Field adjustments in transition economies : social transfers and the efficiency of public spending - a comparison with OECD countries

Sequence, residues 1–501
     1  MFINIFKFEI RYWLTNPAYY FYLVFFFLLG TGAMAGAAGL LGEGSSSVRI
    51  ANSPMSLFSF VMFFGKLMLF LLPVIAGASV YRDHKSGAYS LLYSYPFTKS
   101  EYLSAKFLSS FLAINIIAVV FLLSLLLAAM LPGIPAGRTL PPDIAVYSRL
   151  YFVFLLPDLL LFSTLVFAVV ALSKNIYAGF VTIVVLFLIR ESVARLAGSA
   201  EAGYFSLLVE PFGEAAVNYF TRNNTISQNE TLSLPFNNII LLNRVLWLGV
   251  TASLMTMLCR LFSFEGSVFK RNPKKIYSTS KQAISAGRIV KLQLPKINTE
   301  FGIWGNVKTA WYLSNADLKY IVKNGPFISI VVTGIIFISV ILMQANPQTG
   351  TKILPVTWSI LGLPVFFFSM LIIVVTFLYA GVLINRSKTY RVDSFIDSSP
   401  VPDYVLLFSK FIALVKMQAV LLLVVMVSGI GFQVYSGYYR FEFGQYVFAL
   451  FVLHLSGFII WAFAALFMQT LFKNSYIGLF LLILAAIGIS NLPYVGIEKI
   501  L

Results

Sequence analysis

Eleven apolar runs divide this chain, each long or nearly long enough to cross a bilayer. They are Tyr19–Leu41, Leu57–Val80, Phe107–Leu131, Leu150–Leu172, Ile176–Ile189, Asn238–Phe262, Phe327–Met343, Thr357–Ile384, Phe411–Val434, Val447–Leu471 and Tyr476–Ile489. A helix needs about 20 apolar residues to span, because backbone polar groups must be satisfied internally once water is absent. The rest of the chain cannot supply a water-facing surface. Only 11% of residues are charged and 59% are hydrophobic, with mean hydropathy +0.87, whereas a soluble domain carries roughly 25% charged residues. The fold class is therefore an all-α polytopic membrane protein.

Despite a dramatic shift away from subsidies in the early years of transition, the countries of Central Europe still show signs of unsuccessful fiscal adjustment, insufficient deficit reduction, and loose spending policy. High social transfers and low efficiency of government spending remain two challenges of fiscal adjustment and long-term sustainability of budgetary policy choices. A cross-country regression analysis shows that the problems with high social-security outlays are largely the result of loose eligibility criteria (many pensions go to early retirees) under current state pay-as-you-go pension systems - and not so much to old populations or high replacement rates. The authors suggest that transition economies should strive for a real social consensus on the reform of future pension rights. The transition to a funded pension system could be financed by a combination of: government debt; proceeds from privatization; and efficiency gains from lowering and/or restructuring government spending in favor of infrastructure, retraining, and market-oriented tertiary education.
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